FIGURE 4: A diagram displaying the interaction of Munc18-1 an SNARE proteins along the stages of exocytosis.(A) The interaction between Munc18-1 and SNARE proteins, indicating that Munc18-1 favours the formation of the ternary SNARE complex where synaptobrevin binds preferably with the binary complex between syntaxin and SNAP25. (B) The stages from docking/priming, hemifusion state, leading to fusion pore formation and full fusion, with the action of respective Munc18-1 mutants and dnSNARE peptides. From Ref [26]

The studies using atomic force spectroscopy of single SNARE molecule interactions revealed the disassembly properties of the ternary SNARE complex to be in the time domain of 0.2 to 2 s [65], which is consistent with fusion pore kinetics [22][26]. Therefore, assembly and disassembly of the ternary SNARE complex that is influenced by SNARE accessory proteins, can take place not only at vesicle docking, which facilitates the vesicle membrane merger with the plasma membrane, but also at other later intermediate stages of exocytosis (Fig. 4B), such as the transient widening of the fusion pore and regulation of the fusion pore dwell-time, both processes leading to full fusion, a complete integration of vesicle membrane into the plasma membrane [66].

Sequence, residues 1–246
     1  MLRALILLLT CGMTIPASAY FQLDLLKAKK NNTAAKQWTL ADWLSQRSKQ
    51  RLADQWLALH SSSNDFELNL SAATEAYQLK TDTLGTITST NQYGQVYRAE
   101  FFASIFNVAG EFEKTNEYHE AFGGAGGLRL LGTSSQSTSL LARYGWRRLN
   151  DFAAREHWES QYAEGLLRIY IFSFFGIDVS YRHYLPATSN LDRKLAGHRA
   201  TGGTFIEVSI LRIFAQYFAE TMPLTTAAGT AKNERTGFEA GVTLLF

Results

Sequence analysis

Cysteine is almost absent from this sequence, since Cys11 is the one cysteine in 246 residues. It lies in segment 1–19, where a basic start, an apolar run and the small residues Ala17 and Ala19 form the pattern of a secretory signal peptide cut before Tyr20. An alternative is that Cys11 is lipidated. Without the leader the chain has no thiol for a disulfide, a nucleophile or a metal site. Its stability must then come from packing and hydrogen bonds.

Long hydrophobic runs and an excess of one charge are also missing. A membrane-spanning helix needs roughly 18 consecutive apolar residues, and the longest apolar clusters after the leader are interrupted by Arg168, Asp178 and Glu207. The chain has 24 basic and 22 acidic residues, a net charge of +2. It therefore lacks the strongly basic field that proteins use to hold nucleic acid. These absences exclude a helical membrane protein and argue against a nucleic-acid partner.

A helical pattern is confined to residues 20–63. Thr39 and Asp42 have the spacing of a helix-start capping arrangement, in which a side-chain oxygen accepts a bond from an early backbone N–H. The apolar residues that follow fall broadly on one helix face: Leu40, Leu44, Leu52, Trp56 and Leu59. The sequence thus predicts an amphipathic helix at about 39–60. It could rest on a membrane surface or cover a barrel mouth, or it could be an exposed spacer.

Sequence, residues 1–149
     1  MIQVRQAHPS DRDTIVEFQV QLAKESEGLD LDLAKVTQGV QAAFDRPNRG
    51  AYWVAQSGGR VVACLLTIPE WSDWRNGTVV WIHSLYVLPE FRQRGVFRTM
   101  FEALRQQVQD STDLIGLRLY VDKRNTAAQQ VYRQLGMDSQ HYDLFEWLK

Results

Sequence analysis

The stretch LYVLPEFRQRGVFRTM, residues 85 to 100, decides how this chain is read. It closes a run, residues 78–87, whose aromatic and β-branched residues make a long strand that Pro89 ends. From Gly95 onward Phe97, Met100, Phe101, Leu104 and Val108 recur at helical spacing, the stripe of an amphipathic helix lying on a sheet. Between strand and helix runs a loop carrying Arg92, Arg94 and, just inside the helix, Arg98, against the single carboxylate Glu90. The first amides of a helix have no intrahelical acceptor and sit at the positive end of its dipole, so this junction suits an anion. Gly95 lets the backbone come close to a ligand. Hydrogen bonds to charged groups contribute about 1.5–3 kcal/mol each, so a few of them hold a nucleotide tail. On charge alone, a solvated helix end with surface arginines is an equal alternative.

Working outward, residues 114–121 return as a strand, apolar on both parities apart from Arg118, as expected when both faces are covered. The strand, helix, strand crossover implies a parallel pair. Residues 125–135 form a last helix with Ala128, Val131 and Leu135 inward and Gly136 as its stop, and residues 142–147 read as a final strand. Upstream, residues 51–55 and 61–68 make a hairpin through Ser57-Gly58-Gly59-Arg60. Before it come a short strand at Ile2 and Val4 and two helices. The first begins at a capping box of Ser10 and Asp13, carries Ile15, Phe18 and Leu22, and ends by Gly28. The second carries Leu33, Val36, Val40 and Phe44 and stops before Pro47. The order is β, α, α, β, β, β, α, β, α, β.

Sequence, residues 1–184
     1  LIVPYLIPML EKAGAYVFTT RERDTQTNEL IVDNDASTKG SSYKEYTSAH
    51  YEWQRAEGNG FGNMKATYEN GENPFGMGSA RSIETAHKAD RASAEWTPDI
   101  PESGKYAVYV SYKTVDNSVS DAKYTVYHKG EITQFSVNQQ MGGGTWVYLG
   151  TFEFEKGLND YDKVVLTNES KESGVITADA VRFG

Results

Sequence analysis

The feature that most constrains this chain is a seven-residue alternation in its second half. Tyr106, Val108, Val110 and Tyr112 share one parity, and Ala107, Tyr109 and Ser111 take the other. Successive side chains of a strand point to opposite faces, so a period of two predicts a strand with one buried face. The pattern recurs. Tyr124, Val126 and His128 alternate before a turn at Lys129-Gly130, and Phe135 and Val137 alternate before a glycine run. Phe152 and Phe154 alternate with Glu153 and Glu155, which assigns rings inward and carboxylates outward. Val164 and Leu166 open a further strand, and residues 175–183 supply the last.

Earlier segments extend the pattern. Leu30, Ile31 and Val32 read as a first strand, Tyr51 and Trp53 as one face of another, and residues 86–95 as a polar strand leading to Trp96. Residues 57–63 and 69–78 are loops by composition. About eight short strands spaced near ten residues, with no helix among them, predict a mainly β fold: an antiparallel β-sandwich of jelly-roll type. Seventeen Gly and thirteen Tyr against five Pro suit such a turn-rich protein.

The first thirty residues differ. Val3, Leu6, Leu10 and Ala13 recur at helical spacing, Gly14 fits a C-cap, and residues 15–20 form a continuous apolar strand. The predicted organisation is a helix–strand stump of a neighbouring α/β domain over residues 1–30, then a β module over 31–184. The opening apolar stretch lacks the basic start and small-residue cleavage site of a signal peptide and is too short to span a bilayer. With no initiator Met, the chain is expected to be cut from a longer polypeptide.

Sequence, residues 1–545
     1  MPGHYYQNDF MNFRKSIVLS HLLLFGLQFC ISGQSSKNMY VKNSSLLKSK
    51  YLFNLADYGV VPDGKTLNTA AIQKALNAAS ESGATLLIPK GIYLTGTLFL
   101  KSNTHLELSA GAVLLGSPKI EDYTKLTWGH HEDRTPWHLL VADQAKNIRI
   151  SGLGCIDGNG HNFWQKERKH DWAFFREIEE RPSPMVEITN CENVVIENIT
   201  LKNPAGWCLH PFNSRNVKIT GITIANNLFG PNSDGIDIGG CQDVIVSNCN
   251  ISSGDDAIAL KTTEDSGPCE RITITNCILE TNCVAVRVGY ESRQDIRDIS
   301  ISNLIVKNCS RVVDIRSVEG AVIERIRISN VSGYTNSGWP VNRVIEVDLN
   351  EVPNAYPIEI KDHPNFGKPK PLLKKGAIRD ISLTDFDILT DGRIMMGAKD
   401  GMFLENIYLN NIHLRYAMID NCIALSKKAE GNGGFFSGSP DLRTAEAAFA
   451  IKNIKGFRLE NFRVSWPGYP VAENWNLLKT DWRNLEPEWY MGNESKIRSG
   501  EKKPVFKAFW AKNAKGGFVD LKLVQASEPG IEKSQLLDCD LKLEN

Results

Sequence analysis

Fig. 4B depicts the stages that a vesicle undergoes to reach the capacity to fully integrate with the plasma membrane (full fusion). The last step in the sequence of transitions is indicated to be inhibited by the dominant-negative domain of synaptobrevin 2 protein peptide (dnSNARE). This peptide has been considered to block the formation of the ternary SNARE complex and was hence used to block vesicle-based exocytosis, especially in astrocytes, a type of neuroglial cells [67]. Although it is still debated whether gliotransmission, a process that depends on the rapid detection of synaptic activity by astrocytes, is present in vivo, ample evidence indicates that regulated exocytosis is present in astrocytes [22][68] but with much slower kinetics [69] than in neurons. The paradigm of rapid transmitter release from glial cells to be present in vivo critically depends on experiments in transgenic mice expressing the dnSNARE peptide. However, the mechanism of action of this peptide at the level of a single vesicle was recently described [22], revealing that the action of this peptide is not at the pre-fusion stage, the stage of the formation of the SNARE complex, but at the stage when the fusion pore is already open [22]. Moreover, when botulinum neurotoxins cleaving Syb2 and SNAP-23 were transfected into cells, the frequency of unitary exocytotic events was reduced as expected if the formation of ternary SNARE complex is needed for the vesicle fusion with the plasma membrane. However, when the dnSNARE peptide was introduced into cells, the frequency of exocytotic events was unaffected, consistent with the view that dnSNARE peptide acts at the post-fusion stage of regulated exocytosis, constricting the pore to a very narrow diameter. This dnSNARE-mediated fusion pore stabilization in astrocytes [22], which is considered release unproductive [23], was observed in lactotrophs transfected with Munc 18-1 mutants [26].